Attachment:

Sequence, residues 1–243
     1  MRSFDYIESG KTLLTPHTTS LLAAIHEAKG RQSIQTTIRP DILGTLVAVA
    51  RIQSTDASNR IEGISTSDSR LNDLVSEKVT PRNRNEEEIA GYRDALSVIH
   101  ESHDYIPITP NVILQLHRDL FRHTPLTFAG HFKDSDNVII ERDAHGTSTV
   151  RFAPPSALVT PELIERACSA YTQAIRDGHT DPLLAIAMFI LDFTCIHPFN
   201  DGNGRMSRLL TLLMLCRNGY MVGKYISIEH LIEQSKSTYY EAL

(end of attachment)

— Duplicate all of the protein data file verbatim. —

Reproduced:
Sequence, residues 1–243
     1  MRSFDYIESG KTLLTPHTTS LLAAIHEAKG RQSIQTTIRP DILGTLVAVA
    51  RIQSTDASNR IEGISTSDSR LNDLVSEKVT PRNRNEEEIA GYRDALSVIH
   101  ESHDYIPITP NVILQLHRDL FRHTPLTFAG HFKDSDNVII ERDAHGTSTV
   151  RFAPPSALVT PELIERACSA YTQAIRDGHT DPLLAIAMFI LDFTCIHPFN
   201  DGNGRMSRLL TLLMLCRNGY MVGKYISIEH LIEQSKSTYY EAL